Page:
Shirah Vollmer MD

The Musings of Dr. Vollmer

The Fog Rolls In: The Fog Rolls Out

Posted by Dr. Vollmer on June 5, 2012

Clarity of thought, like so many mental states, is not a constant. One minute, one feels understanding and coherence, and the next minute, without obvious change in circumstance, one feels confused and bewildered. I have come to call this dynamic, “the fog rolls in and the fog rolls out.” Merna, twenty-five, knows that if she calls her ex-boyfriend that she will end up in pain and bitterness. She knows this because this has been the pattern for the last three years. Yet, in moments, she seems to “forget” that and  call Leo, at all hours of the day or night. At first the conversation is exciting, but then as time goes on, she feels demeaned and unimportant. “Why do you think you called him?” I ask, trying to get Merna to reflect on what interfered with her better judgment. “I was bored,” she said quickly. As the session proceeded, she then told me that her girlfriend just got engaged, in a flat tone, as if she had no feelings about that. “Maybe your friend’s engagement made you feel scared and lonely. Maybe that was a trigger for you in that you felt alone and so you had to call Leo, even though in a different state of mind, you would know that downstream from that phone call you would be left feeling bereft.” I say, helping Merna see how a change in her feeling state could cause the fog to roll in. “Well, that is possible,” Merna replied, astonishing me at her openness to consider that her friend’s engagement was a trigger. In the past, Merna would dismiss my ideas as “preposterous.” “The fog is out this morning as you recognize that you put yourself in harm’s way.” I say, highlighting that with the light of day, without the emotional wound-the fear of being alone-her brain works in a different fashion. Like the weather, thinking and behavior are changing states, subject to forces that we struggle to understand.

4 Responses to “The Fog Rolls In: The Fog Rolls Out”

  1. Jon said

    Your graphic and your notion about fog brings to mind the great A Cappella group The Bobs. Their song from there Weather Cycle, Welcome to My Fog, is there Bay Area homage to weather and mental confusion. (Incidentally, their LA Song from the Weather Cycle, Santa Ana Woman, is a great version of A Cappella Noir.) For those readers (most, I would guess, they perform to a niche market) innocent of the Bobs and their music, I suggest they search out their work. As a teaser, here are the lyrics to the song…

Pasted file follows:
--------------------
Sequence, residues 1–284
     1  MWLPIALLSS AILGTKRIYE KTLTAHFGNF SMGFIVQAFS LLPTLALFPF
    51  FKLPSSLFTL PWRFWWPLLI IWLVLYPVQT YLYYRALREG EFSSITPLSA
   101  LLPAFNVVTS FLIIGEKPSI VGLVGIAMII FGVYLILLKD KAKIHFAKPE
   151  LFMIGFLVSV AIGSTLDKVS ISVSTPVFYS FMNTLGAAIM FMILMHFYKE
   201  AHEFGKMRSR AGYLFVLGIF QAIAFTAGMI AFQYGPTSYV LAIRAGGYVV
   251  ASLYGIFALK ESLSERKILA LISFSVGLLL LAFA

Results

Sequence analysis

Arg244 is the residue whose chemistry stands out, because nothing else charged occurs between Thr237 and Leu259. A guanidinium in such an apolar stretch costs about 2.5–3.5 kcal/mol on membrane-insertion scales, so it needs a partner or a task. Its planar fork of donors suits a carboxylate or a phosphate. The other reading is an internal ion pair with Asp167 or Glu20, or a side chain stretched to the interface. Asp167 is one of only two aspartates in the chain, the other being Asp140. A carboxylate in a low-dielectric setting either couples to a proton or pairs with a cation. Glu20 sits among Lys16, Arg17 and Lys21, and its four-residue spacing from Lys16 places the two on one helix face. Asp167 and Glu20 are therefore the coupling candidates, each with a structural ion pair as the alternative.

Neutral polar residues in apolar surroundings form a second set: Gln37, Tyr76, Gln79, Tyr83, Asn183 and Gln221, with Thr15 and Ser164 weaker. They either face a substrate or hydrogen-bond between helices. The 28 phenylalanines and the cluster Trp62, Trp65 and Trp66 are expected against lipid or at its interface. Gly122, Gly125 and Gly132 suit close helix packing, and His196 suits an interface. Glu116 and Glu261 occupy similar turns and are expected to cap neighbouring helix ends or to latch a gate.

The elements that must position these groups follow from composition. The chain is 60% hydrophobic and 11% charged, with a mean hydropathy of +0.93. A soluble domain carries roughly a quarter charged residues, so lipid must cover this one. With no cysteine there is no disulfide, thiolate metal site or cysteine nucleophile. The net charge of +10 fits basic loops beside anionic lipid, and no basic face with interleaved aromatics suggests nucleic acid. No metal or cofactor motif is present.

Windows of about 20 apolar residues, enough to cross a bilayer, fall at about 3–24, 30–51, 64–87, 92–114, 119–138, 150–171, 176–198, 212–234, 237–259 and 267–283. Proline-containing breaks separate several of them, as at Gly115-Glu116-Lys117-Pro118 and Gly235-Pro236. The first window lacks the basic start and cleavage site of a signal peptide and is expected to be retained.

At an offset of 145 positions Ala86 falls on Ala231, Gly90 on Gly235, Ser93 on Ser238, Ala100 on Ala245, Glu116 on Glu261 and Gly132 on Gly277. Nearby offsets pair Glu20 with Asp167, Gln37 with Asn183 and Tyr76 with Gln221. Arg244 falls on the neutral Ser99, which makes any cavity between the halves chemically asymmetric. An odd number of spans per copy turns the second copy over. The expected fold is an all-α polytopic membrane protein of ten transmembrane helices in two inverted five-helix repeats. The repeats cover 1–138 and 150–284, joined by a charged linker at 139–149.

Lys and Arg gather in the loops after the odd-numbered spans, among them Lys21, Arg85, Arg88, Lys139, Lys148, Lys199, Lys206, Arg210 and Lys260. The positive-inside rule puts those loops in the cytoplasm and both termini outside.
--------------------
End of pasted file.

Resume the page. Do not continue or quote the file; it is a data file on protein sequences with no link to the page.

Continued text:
Welcome to my fog
    There’s room for you to come right in
    Welcome to my fog
    I guess

    Welcome to my fog
    Just take my hand and be my friend
    Welcome to my fog
    I guess

    When I was very young and still in school
    The teacher would call on me and I wouldn’t know what to do
    So I would say….What?
    And gee, she’d never call on me again

    When I go for a drive I feel lucky to be alive
    The air feels so good coming off of the hood
    And I don’t go very fast–I want it to last
    And strangely enough, it does

    Welcome to my fog
    There’s room for you to come right in
    Welcome to my fog
    I guess

    The only sound that I can hear
    Is when you’re yelling in my ear
    (Hey you!)
    Hey Me?

    Welcome to my fog
    There’s room for you to come right in
    Welcome to my fog
    I guess

  2. Shirah said

    Wow, Jon. Thanks so much.

  3. Shelly said

    Is it not often true of ourselves that we are blind to our own motivations behind our behaviors? That we can only look backwards, in hindsight and say we should have bevel a certain way or refrained from doing something? I understand that perhaps if Merna recognizes a similar feeling in the future, she could perhaps recognize that she felt scared and lonely from her friend’s engagement and not felt tempted to call Leo, but by pointing out the behavior after the fact is the only way to learn.

    • Shirah said

      Yes, we are sometimes blind to our own motivations, but this blindness is not absolute, but rather relative to our mood states. I am particularly interested in the shifting nature of one’s clarity of thought and motivation. The idea of “learning” is that the better Merna understands her mood states and how that certain mood states be a trigger for self-destructive behavior, the better decisions she will be able to make in critical times of her life. Thanks.

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